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Cedar Rapids Gazette: Tuesday, December 31, 1974 - Page 21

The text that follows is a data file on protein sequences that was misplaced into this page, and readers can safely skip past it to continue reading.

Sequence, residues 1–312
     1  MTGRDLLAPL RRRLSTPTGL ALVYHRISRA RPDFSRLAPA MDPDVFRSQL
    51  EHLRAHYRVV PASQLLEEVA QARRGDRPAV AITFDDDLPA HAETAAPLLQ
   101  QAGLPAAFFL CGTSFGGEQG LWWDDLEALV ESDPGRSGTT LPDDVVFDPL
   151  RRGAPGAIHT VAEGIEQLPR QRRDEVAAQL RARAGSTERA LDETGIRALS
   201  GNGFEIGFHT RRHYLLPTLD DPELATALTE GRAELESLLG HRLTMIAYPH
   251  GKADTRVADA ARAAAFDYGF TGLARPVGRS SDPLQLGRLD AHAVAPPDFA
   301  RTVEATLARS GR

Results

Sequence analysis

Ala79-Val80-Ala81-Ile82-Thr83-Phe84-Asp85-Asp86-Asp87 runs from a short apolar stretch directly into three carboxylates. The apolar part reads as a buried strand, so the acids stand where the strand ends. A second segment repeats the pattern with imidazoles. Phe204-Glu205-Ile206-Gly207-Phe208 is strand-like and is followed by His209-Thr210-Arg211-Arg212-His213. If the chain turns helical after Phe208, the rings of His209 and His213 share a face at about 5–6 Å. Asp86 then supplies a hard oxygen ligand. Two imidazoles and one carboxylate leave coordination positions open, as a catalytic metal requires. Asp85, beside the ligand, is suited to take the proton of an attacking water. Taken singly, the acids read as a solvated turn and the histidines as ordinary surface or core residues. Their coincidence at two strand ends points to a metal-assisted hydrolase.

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   Cedar Rapids Gazette (Newspaper) - December 31, 1974, Cedar Rapids, Iowa                                The Ktpldi Tuts., Pec. SI, It74 Says Kapp Ruling A Personal Decision MINNEAPOLIS (AP) Commissioner Pete Riwelle says the National Football League believes the Joe Kapp ruling in which the NFL's reserve system was declared illegal "expresses the personal philosophy of the judge rather than being a ruling after a careful evaluation of the record." And in weekend interviews, Rozelle and the league's chief labor negotiator claimed the Kapp ruling would make it nearly impossible for them to negotiate a new contract with NFL players. Rozelle, interviewed here Sunday when he attended the playoff game between Minnesota and Los Angeles, said the NFL was confident the Kapp ruling by U.S. Dis- trict Court Judge William Sweigert would be overturned on appeal. "We have no plans to change any of our practices, including the draft, under the present Rozelle said. A key portion of the NFL the rule which al- lows Rozelle to decide the compensation due a team when one of its players jumps to another club and por- tions of the standard player contract were ruled illegal by Judge Sweigert. His ruling, which will be appealed by the NFL. has the effect of making all NFL players true free agents once they complete their contract and it would make draft choices free agents if. after a certain amount of time, they did not like the offer of the club which drafted them. Rozelle said the league could not go ahead with his appeal until Sweigert enters a final judgment in the case. In that judgment, Sweigert will, among other things, more clearly define when a college senior drafted by the NFL becomes a free agent. Both Rozelle and John Thompson, chief of the NFL Management Council, predicted the Kapp ruling would severely crimp negotiations for a new contract with the players. The player strike of last summer was called over many of the same issues ruled on by Sweigert. A new contract has not been signed and players have played under the old, expired contract. "I was hoping the negotiations could be handled eas- ily, but now it doesn't look like Rozelle said. Thompson said tentative arrangements had been made to reopen negotiations at the Super Bowl, but "now it's a whole new hall same." "It (Kapp ruling) compounds our problems he said. "We had been agreeable to modifying our sys- tem, but not eliminating it. But if this becomes the law of the land, the system is eliminated. "Our whole offer had been based on their (players') acceptance of compensation (Rozelle Now how can you ask us to come up with million in pension money over the next four years if we're gong to be faced with 200 Catfish Hunters next And of the Kapp decision itself. Thompson said. "It kills us." ___________________ John's Death, Iowa's Grid Climb Top Stories Steve Dangos Is Dismissed KANSAS CITY (AP) Steve Dangos, only returning starter from last season on the Missouri basketball team, was released from the squad Mon- day by Coach Norm Stewart. The Tigers were in Kansas City for the Big Eight Confer- ence preseason tournament and despite Dangos' absence, Missouri whipped Oklahoma 83-81 in two overtime pcrids Monday night for fifth place. Dangos' place in the lineup was filled by Scott Sims, a sophomore. Dangos, senior guard, was released, Stewart said, "in the best interest of the ball club. Our program is based on the premise that the team and its welfare come first." Dangos played high school basketball at Cleveland High in St. Louis and enrolled at St. Louis University. 11KS MOINKS U'l'l) The death of former Drake and Io- wa State basketball coach Maury John in October was voted the top Iowa sports story of the year in a poll of United Press International writers and broadcasters. The death of John, who had resigned the Iowa State job in July because of his failing health, edged out the naming of new basketball coachs at the three major universities as the top story. The John story received sevea first-place votes and the new coaches were named on live first-place ballots. The rejuvenation of the Io- wa football team under new coach Bob Commings was cho- sen the No. 3 sports story of the year, while the adoption of a three-class system for boys basketball was the No. 4 item. The success of several Iowa college division and junior col- lege football teams finished fifth in the balloting. Other stories getting strong consideration were the high school playoffs, the boys state basketball tournament and the accomplishments of State running back Mike Stra- chan, who set a Cyclone car- eer rushing record with yards and finished fourth on the all-time Big Eight list. The popular John died Oct. 15 at age 55 after battling can- cer of the esophagus for near- ly ten months. He had a 528- 214 career record during his 28 years of coaching, which in- cluded 13 years at Mobprly. junior college, 12 at Drake and three at Iowa State. John became aware of the cancer in December and relin- quished the coaching reins to assistant Gus Guydon for the rest of the season. He under- went chemotherapy treat- ments in Rochester's Mayo clinic and eventually attended a few Iowa State games. The late 1SU coach had said he fully intended to return to coaching for the beginning of the 1974-75 season, before re- signing July 30. Former Oral Roberts university coach Ken Trickey was named to succeed John in August. The naming of Trickey, plus new CMches at Iowa and Drake, was only three points behind John's death In the voting for top stnry. Dick Schaltz stepped down before Iowa's final game last March and was replaced by Lute Ol- son. WONDERFUL AUTO WORLD PARTI THE INCREDIBLE, UNBELIEVABLE, PERPLEXING, PROVOCATIVE, COMPLEX SIMPLE STRAIGHT LINE PART A THE PRICE COMPLEX THINGS MADE SIMPLE AMERICA'S 779 TELEVISION STATIONS, DAILY NEWSPAPERS AND 6.377 RADIO TIONS INUNDATE 210 MILLION OF US WITH PLENTY OF NEWS. THE NEXT FEW WEEKS I'D LIKE TO TRY TO REDUCE SOME OF THIS MASS OF COMPLEX INFORMATION, THAT WHICH DIRECTLY AFFECTS THE AUTO BUSINESS, TO SOMETHING PEOPLE CAN UNDERSTAND. A price, any price, a soda, a stick of chewing gum, an automobile, a house, your shoes, a share of stock in General Electric, any PRICE on any product or service IS MADE UP OF VARIABLES. It is in sorting massive numbers of variables out that prices are determined. Mathematics is the tool and inductive method (all possible facts about a process arranged in a logical order) in the reasoning system humans use to decide what price to place upon an Item offered for sale. If you were to hold nearly any of the world's ECONOMICS textbooks in your hand and look at the closed pages as you hold the book by the binding you would note at some point in the edges of the pages a gap of maybe an eighth of an inch thick. Opening the book there you would see a long fold-out chart the equivalent of maybe 12 pages thick. Go ahead, pull it out, all six foot of it. What have you got? THE PRICE. Maybe 40 lines go up and down from left to right covering perhaps a 100 year span of America's economic history. See, that line reflects the ups and downs of interest rates, another productivity, another basic resource prices, another wage rates, another disposable in- come, another gross national product. GET THE PICTURE? THIS IS A 100 YEAR CHART OF THE BASIC INGREDIENTS OF THE PRICE YOU AND I PAY FOR THE THINGS WE BUY. BUT CAN IT BE? WHAT IS THAT PERPLEXING. PROVOCATIVE, INCREDIBLE, UNBELIEVABLE LINE RUNNING STRAIGHT AS AN ARROW FROM LEFT TO RIGHT SMACK IN THE EXACT MIDDLE OF THOSE OTHER LINES 6 FOOT LONG FOR 100 YEARS? WHY, CAN IT BE, IT SURELY IS IT'S THE PRICE! IT NEVER CHANGES, IT'S PERFECTLY FLAT! Remember, in 1950, when TV sets really began invading our homes? A 7" black and white table model set (it was so heavy it seemed like it was made of lead) cost plus tax. That was it, nothing off for cash, no discounts, just Of course, you might also have to invest or more for an outside antenna and experience a dozen high voltage shorts a year in the set at an average repair cost of That's the way it was. Compare, if you will, the COLOR set of today, with a 3.5 limes larger picture tube and costing around of all things It seems to me that there is much misinformation in the news about the price. One would think 100% total economic collapse was upon us all, that prices are going crazy, that prices are going up 300% and all kinds of crazy perecnts. What is hap- pening to the price is what has always happened to the prlci! _ It goes up, it goes down but WHEN ALL THE VARIABLES IN A GIVEN PRICE ARE EXAMINED. THE PRICE NEVER CHANGES AT ALL. ANSWERS TO QUIZ WOHI.nsCOl'K: I-Truc; 2-re- cession; K-h; 4-incrcascfl; 1'alcstlno l.ilH'nitmn Mitlim NKWSNAMK: UN SilTflary- (icncral Kurt WaldhiMin MATCIIWOKDS: 2-c; J-d; 4-a; 5-h NEWSPICTUHK: Warren K. Burner SPORTI.ICIIT. 2- homo nins; 3-w; 4-Vlutiam- lliu'l All. S-Worlil Tram Tennis BOB ZIMMERMAN FORD The Won Who Put SERVICE Bock in Ttv Auto Businen a "When You Need o Car" Olson, who guided Long Ueai'h State to a 24-2 record during the IH73-74 season, was named head coach in laic March. Bob Ortegel moved up from an assistant's job to take the head coaching job at Drake after Howard Stacey resigned to enter private business. Sla- finished with a three-year mark of 34-44 with the Bull- dogs. Commings received strong support In voting for taking an Iowa foitball team was 0-11 In 1973 and turning It into a re- spectable outfit that won three of 11 games while playing one of the toughest schedules In the nation. Included in the three wins was a 21-10 upset of UCLA in the second game of the year and victories over Northwest- ern and Illinois. Kentucky 9th in AP Cage Vote By The Associated Press Kentucky tripped up Notre Dame and took a giant step in- to the Top Ten while Ihe top four teams remained un- changed in Ihe weekly Asso- ciated Press major-college basketball poll released Mon- day. Kentucky's Wildcats tamed the Irish 113-96 Saturday night and clawed their eay from 17th place a week ago to ninth with a 7-! record through games of Sawturday. Notre Dame, now 4-3, slipped into a tie with Memphis State for 19th place after being 13th a week ago. Oregon llth Oregon, 19th last week, vaulted to llth place after stretching its record lo 7-0 with triumphs over Villanova and Creighton and an 80-76 victory over Arizona Slate which put the Wolves into the final of the Far West Clasic. Despite the loss, Arizona State moved into the rankings as the No. IB team with a 9-1 re- cord. North Carolina State beat Pitt 8H-7II after trouncing Kent State and remained unbeaten at 8-0 and No. 1 in the rank- ings, 40 points ahead (if 10-0 Indiana. 26 for First Of 40 votes cast by a nation- wide panel of sports writers and broadcasters, the Wi- Ifpack received 26 first-place votes and 756 points, while the Hoosiers, holidaying in Ha- waii, garnered 11 lop votes and 716 points after clobbering Florida 98-84 and Ohio Stale 102-71 in the Rainbow Classic. UCLA retained its No. 3 ranking with two first-place voles and 668 points after win- ning (he Maryland Invitational by handing Maryland ils firsl loss of the season. The Bruins now are 8-0 while Ihe Terra- pins slipped to 7-1 and dropped lo sevcnlh from fiflhe in Ihe rankings behind Louis- ville, Southern California and Alabama. Louisville, 6-0 afler winning ils own Holiday Classic by beating Western Kenlucky and Florida Stale, received 568 poinls and Ihe remaining No. 1 vole. The Too Twenty teams In the weekly Associated Press malor college basket- ball ooll, with Ikst Dloce votes, season records through games ot Saturday. Dec. 28. and point totals. Points tabula! ed on basis ot 20-18-16 14 12 109 9 76-5 J- 1. N. Carolina St. (26) 8-0 754 2. Indiana (111 100 716 3. UCLA 80 M8 i. Louisville (I) 6-0 M8 5. Southern Cal B-0 466 6. Alabama 5-0 367 7. Maryland 71 350 8. N. Carolina 5-1 285 9. Kentucky 71 243 10. Providence 70 2D8 11. Oreoon 7-0 159 12. Ponn 7-1 141 11 Morouette 5 104 14. Arizona 8-1 S. 15 S. Carolina 5-2 60 16. Arizona 90 41 Michigan 7-1 26 IB. Purdue 5-3 16 19. Notre Dame 4-3 15 lie Memohls SI. 82 15 Others receiving votes, listed aloha botlcolly: Bradley. California, Canislus, DC Paul, Duke, Florida Slate, Kansas, Kent State. LaSolle. Long Beach State. Minnesota, Nw Mexico. Oklahoma. Ore oon State. Rutgers, St. John's N.Y Southern Illinois. Tf-nnpssee, Texas E! Paso, Vanderbllt, Washington. Pro Sports Standings PRO BASKETBALL NBA EASTERN CONFERENCE Atlantic Division W L Pet. Buttalo 22 13 .629 Soston 21 13 .618 ew York 19 IS ,559 Philadelphia U 21 .400 Central Division Washington 26 9 .743 Cleveland >8 14 .563 Houston 19 15 .559 Atlanta 15 21 .417 New Orleans 3 30 .091 WESTERN CONFERENCE Midwest Division Detroit 19 17 .528 KansasCltv-Omaha 20 .18 .526 Chicago 17 17 .500 Milwaukee 14 19 .424 Pacific Division Golden Stole 23 .657 Pho" GB Vj .7 hoenix 15 18 .455 Portland 15 19 .441 LosAngelcs 15 21 .417 Monday's Games Washington 103, Cleveland 90 Detroit 86, Chicago 81 Milwaukee 106, Buffalo 91 Houston 120, Los Anaeles 107 Golden State 110, Kansas Cltv-Om 102 ABA Eastern Division W L Pet. Kentucky 33 10 .697 New York 25 11 .694 St. Louis 14 24 .368 Viralnta 9 ?5 .265 Memphis 9 26 .257 Western Division Denver 31 5 .861 San Antonio 20 IB .526 Utah 19 20 .487 Indiana 14 17 .452 San Diego 13 ?l .332 Monday's Gomes Kentucky 104, Virginia 85 New York 128, Memphis 119 Utah 105, San Antonio 104 Tuesday's Game Indiana ot San Antonio Wednesday's Game Indiana at San Dlcoo Thursday's Games Virginia ot St. Louis Son Diego at San Antonio Memphis ot Utah PRO HOCKEY NHL Division GF 74 H, v N. Y. SI. Kansas Detroit Wash Ing. 197 Pltlsburoh 7, Los 3, 5 -oit New York WHA East Division W L T Pis. GF C New England 19 13 1 39 120 1 Cleveland 13 16 1 27 63 Houston Phoenix Minnesota San Dleoo Michigan Toronto Quebec Wlnnloeo Edmonton Vancouver Phoeni 17 13 16 16 15 16 11 22 15 0 38 139 Set 8 Iowa Swim Records BELOIT.WIS. -Six swim- mers from Cedar Rapids, competing in a 45-tcam AAU swim meet field that repre- sented nine states, set eight Iowa records here in competi- tion Saturday.Sunday and Monday. Carie Goode took the 11-12- year-old individual and team trophies as she set Iowa re- cords in the 100 yard back- stroke in the 50 back- stroke and in the 200 yard freestyle Lorie Sherman, 13, swam lite.' 500 freestyle in Iowa re- cord time of Kim Wcs- cott, 10, set records in the 200 free 100 free and the 100 fly Lorie Sherman, Jill Klinge, Carie and Cathy Goode com- bined for a record in the open Tree relay. Greetings to each and eviry ont of you toil for thi Veorl THOMAS H. LeBUHH, C.L.U. 832 Higloy Bldg., Codar Rapids, Iowa MASSACHUSETTS Howling Highlights The Iowa High School Ath- letic Assn.'s to crown three state basketball champi- ons was (he No. 4 sports story of the year. Under the new format, the class AA championship game will be played Friday night and the class AAA and A fi- nals will be played Saturday night. The No. 5 story of the year involved the success 'of Cen- tral college, William Pcnn col- lege and Indian Hills junior college. Central won the NCAA Division III national football championship by de- feating Ithaca, N.Y. in the Amos Alonzo Stagg bowl and Penn tied Guilford, N.C. in the Poultry Bowl. Indian Hills, ranked second in the nation, lost to Mesa, Ariz, in the Wool Bowl in Roswcll, New Mexico.' By Dtek Peymeyer Charles Whipple Rolls a 663 (.'IIARLES WHIPPLt: (157) had a real sharp night with the Saturday Strikers at legion Unes. He came eiose to a century award and earned honors for the men with 254-663. Dottic Widauf (153) was aft- er a GOO series with the Bowl- ers Choice at Lancer Lanes, She won honors for the women with 222-586. Have a safe New Year's eve and I'd also like to wish you all a real Happy New Year. Ron Gaede (169) had a real hot night and went over the century mark with 277-649. Maureen Haughenbury im- proved her average with 513, Three of the 12-year-old boys were sharp: Steve Cole 182, Greg Frese (132) 294 and Shane Posusta 183: Dave Trlpp (122) earned a century award with 226. Mary Stewart had a good night with 555, her average was 148. Flo Shoemaker had a good night with 246. John El- liott (112) shot a 185 and Peg- gy Schneider (109) fired a 181. Phylis Herb (135) was sharp with 516. Katte Brokaw (145) shot a dandy 234-545. Charlotte Bee- son (150) found the range for 223-569. Chuck Ross (124) hit a 194. Susie Petersen hit a nifty 232. Following splits were con- verted: Conrad Grant, Mary Schaefer 4-10, Larry Foster 6- 7, Bill Kulhavy 4-6-7-9-10, Ran- dy Konmrta 4-7-10, Bob Gerber 6-7-lfl and Bob Hale 7-9. Sports Results COLLEGE BASKETBALL Other Games Notre Dame 93, Butler 83 Brigham Young 100, Bradley 87 William Mary 75, Columbia 63 Tennessee 115, Vermont 66 Ohio U. 75, Chicago Loyola 63 Florida Tech. 60, Maine 57 McMurry90, Torleton 79 Dayton 71, Harvard 64 Vanderbllt 51, Mid. Tennessee 68 San Francisco St. 77, Cornell 67 Austin Peav 91, S. Mississippi 83 DePoul 76, Northwestern 63 Wis.-Whitewater 76, Wls-Green Bay 67 Turkic 83, Neb. Weslevon 79 Wichita St. 95, Memphis St. 91 E. Texas 76, Southern, Ark., St. 69 Abilene Christian 87, Carroll, Wis. 83 Doone 8fl, Concordla, Minn. 73 SI. Louis 89, Cincinnati 68 Valdasta St. 91, Auaustana 70 S. F. Austin 95, NW Louisiana 78 Utoh St. 98. Santa Clara 74 Montana 67, Puget Sound 58 Wldener 69, Cheyney St. 55 New Mexico Si. 61, tcxas-El Paso 39 Sacramento SI. B2, Callt.-Son Dieoo 64 Alusa Pacific 9t, U. of San Diego 88 Bol-crs-leld 82, North. Aril. 76 Holiday Festival Holid Cha shla 99 107 1M 125 10? SB 96 Fordham _____ Console Rutgers 91, St. JOSCOh, Pa. 56 Far West Classic Championship. Oregon 7J, Washington St. 65 Third Place Arizona St. 80, Oregon St. 71 FIHti Place Wake Forest 70, Crelonton 59 Seventh Place Boston Col. 86, Iowa 81 Rainbow Classic Championship Indiana 69, Hawaii 5! Third Place Vlllonova 87, Ohio St. 86 Finn place Tulsa 81, Penn 75 Seventh Place San Jose St. 83, Florida 80 Ocean Slate Classic Championship St John's, N. Y. 91, Providence >9 Third Place Drake 92, S Carolina 71 Fifth Place Holy Cross 107, Assumption 98 Seventh Place Brown a.. Knoae isiano ol Big Sight Championship Kansas 76, Iowa St. 75 Third Place Kansas it. BO, Nebraska 63 Fltlti Place Missouri 83, Oklahoma 81. 1 OT Seventh Place Oklahoma SI. 101, Colorado 73 Merrimactc Christmas Championship Suffolk 75, COIDV 74 Consolation Mcrrimack 93, S. Conn. St. 72 Sugar Bowl Championship LaSalle 77, Alabama 73 Consolation Furman 89, Houston BO Va. Commonwealth Championship Texas ARM 84, Va. Commonwealth 70 Consolation St. Peter's 73, Falrticld 72 Beloll Invitational Championship Go Southwestern So, Rockford 48 Consolation Beloit 65, Eckerd 61 Network Data, Modern Pipe Win .Jim Krcamer's 19 points led Network Data to a 46-3B win over Hy Vee No. 1 and Mike Hall Had 13 as Modern Pipe edged Army Recruiting, 53-50, in Slo Break basketball action at the Central branch YMCA. Gene Turner had 18 for the Recruiters. RON DESK FILE 59so Cash-F.O.B. Store KLINGER Office Supply A Equipment Co. 303 Jrd AVMNM M Thomas Won't Be Coaching BALTIMORE (AP) Ccn- eral Manager Joe Thomas, ag- onizing a bit over a "tough de- vision." said Monday (hat Joe Thomas would not return next season as coach oe the Haiti- more Colts. "No man can do a good job of handling both fulltime Thomas said, in a tele- phone interview from Florida. "Something has to give." "Not mnch has suffered so Thomas said, "but the paper work has been piling up daring the season and It's going to get worse getting ready for another season." The coaching job was thrust upon Thomas after the third game of the 1974 National Football League season when woody s owner Robert Irsay fired How- ard Schnellenbergcr and asked Thomas to take over. "This was a tough decision lo make from an emotional Thomas said, "because of the way the play- ers fought all year for me. It Leagues C.R. BOWL Sun Fun: Ron Goede 277-649. Mau- reen Slolbo 194, Deanna Haughenburv 513, The Gunlers 702-2023. TiC Jr. Boys: Bob Grulkev 195 SW, No. I 605, Touros 1632. Bantam No. I: Shane Posusta 167-434, Charlene Perel 143, Joyce Ortega 3.9, Kennedy Co. 477-1344. Bantam No. 2: Snane Posusta 1B3-320. Debbie Krohllng 128-222, winders Won- ders 464. 3 D's 867. His Hers: Skip Gllbertson 226-572. Dove Trlpo 226, Marlvs Stufen 189-499. 4 Splits 712, Mou Mous 1937. LEGION LANES Sot. Strikers: Charles Whlpple 254 663, Mary Stewart 194-555, World 739, Pin Splitters 2010. Dudes t. Domes: Flo Shoemaker 246. Marilyn Van Houten 525, Don McArlor 225, Jim Novak 225-640, Plnbusters 777, Pllellners ?07I. Sunday Mix Ups: Karen Pontius 181- 467, Peggy Schneider 181, Wes Beshears 2irt-5B5, Replacements 642, Sin Tight 1782. Brlles Bantams: Lori McArthur 150- 390, Mike Konler 170-417. Unpredldobles 708-1901. _ was a pleasure to work with Neighbor Schnoebelen Luckv Strike Bob Keene 204-545. Edith 194-481, Hot Shots 728, CASTLE LANES PD Marion Mixups: Judy Boebel 207- 511, Ron Helse 209, Roger Wheeler 536, 707-1962. Collins Cpuples: Dick Fredericks 212, Ron Koronda 529, Charlotte Miller 185- 494, Buckeyes 776, Steamrollers 2191. LANCER LANES Sat. Mixed Ten: Curt Gandv 234-53J- Morv Medulon 193-544, 865-2355. Lancer Doubles: Jim Pearson 212. Tom Kennedv 581. Linda Hohesy 209, Phyllis Herb 516, Pin Busters 651, Lucky 13 1877. Milky Way: Donna Hemonn 189, Marge Schmltz 455, Bob Gates 246-618, P.G.'s 727, Out Laws 1961. Bowlers Choice: Keith Henderson 225-613, Dottie WidOUt 222535, Happy Chef 718, McVov Const. 1944. Sunday Night Saints: Bob Camobcll b2S-571, Ramono Yiesley 210-529, Thirty Nlners 701-1970. Eagles Mixed: Dick Emanuel 212, C. J. Naaktgeboren 575, Edna Smith 173, Grace Knowles 455, Be Hvs Beauty 890- 2507. Little Four: Bob DeCombes- 229, Chuck Havel 503, Phvt Stolba 176-462, Fiirles 658-1814. The Lancelots: Jim Williams 201-586, Pennv Davis-Linda Nlschurti 197, Dor- lene Wagoner 502, Alley Oops 710, P.W.'s 1954. Sunday Night Leftovers: Pat Hcnder- shott 179-482, Bob Miller 224, Dean Win- lerowd 224-640. Luckv Strikers 673-1899. MAY CITY LANES His Hers: Edna Marlcle 199, Janet Miner 513, Dan Stcogall 210-588, AHick- Peoler 690, Prime Alls 1941. Sunday Niters: Larrv Stotler 222-556. Katie Brokaw 234-545, Hits Mrs. 721- 2080. May City Scamps: Steve Wise 148, JcH James 383, No. 4 492-1317. May City Pixies: Kim Longtllt 171- 418, No. 3 459, No. 5 1358. Mav City Scooters: Kirk Jeffords 154 40S, NO. 5 662, No. 2 1772. May Cltv Scorers: Craig Eostln 194, Sieve Oullrl 552, No. 7 693, No. 1 2040. Mav City Mixers: Dan King 191-521, No 3 749, No. 2 2114. 7th Niters: Dick Meier 223-630, Char- loHc Bceson 223-569, Mclcr-Bceson 825- 2143. Sot. Ron Marv Prochosko 578, Lelo Fllson 224- 542, F. H. 685-1943. Moose Mixed: Wes Martens 224-550, Noreen Phelps 198, Val Kopcckv 521, Four Doors 714-1946. Sot. Night PM's: Willie Sexton 2IJ- 510, Dixie McLoud 167, Morel Schotter 409. Gutter Busters 615-1722. Sat. Night Raiders: Chuck Ross 194, Rich Espe 524, Karen Ross 157-384, 4 Leal Clover 654 1750. Forty Stors: Jim Skola 236, Ed John son 562, Marclo Bough 183-484, Family Four 663, Sondbaggers 1929. Lads Lassies: Alberta Cameron 192, Dorothy Cooley 454, Clalr Cameron 190-533, Mundcl Long Luce Sullivan 642- 1845. 5.15 Socclol: Jonel Cole 225-569, Ken Nebluno 222, Ivon Fry 565, Cutler Dusters 792-2138. Haoov Couoles: Susie Petersen 232- 535. Roy Baker 210. George Trlbel 559, B. T. 730, Universal Climate Control 2011. them, and I'll never forget the way they responded under great adversity." The 53-year-nld Thomas, who had last worked as an as- sistant coach almost 20 years ago, said: "I didn't want to lannch a coaching career at this stage. If I stayed, it would only have been for one more year, anyway." The Colts lost first three games under, Schnellenberger and then went 2-9 under Thomas. But the team played well in almost every game, and many Colts expressed hope Thomas would return rather than face another turn- over in the coaching staff. "I think the players under- stand what it's all about now." Thomas said. "They have a positive attitude and there shouldn't be any prob- lem in the future. "If I had stayed, I would have retained the entire coaching staff. That decision will be left up to the new coach, but I'll strongly recom- mend that he retain them." Thomas said he had no par- ticular choice for the coaching job immediately in mind, but would prefer a person "who has had some pro experi- ence." "I'll have to sec who's inter- ested and who's he said, "and then talk with them. I haven't set a target date, but I'll get it done as soon as possible." Thomas is in Miami to ob- serve the Orange Bowl clash Wednesday night between Ala- bama and Notre Dame. He'll travel next to the All-Ameri- can Bowl in Tampa, Fla., and the Senior Bowl in Mobile, Ala., with other stops at the Pro Bowl and the Super Bowl prior to the college draft. Mr. Friencfly's Fix-it Formulas Heck Gosling ELECTRIC DRILL (A ONE-TOOL SHOP) The most useful power tool you can buy is a good Rockwell ELECTRIC DRILL. Although it's called a drill it can, with it's many attachments, perform many jobs. Some tasks mat are versatile Vt" drill will handle are: drilling holes in wood or metal, sawing wood pr metal, grinding, honing, chiseling, driving screws, hammering, buffing, polishing sanding, and wire brushing, and with carbide-tipped drills you can drill in concrete and masonry. Two stands that are of real value are: One that holds the drill in a horizontal position for use of a grinder, polisher, etc.; the other, a vertical stand that allows the drill to be used as a drill press. The "HWI FRIENDLY ONES" at SUBURBAN LUMBER CO. handle the complete line of Rockwell ELEC- TRIC DRILLS. Wo havo the economy Rockwell drill and variable spend drills and drill kits as woll. Also Circular Saws, Jig Saws, Orbital Sanders and YOU NAME IT (IF WE HAVEN'T GOT IT, WE'LL GET IT FOR YOU.) HILPnjl HINT! Keep your drill clean and dutt free (your drill power unit i. more likely to be damaged by dust than and lubricate ac- cording lo the maintenance manual. _ ___ ____ ,u tiNiinrvnance manual SUBURBAN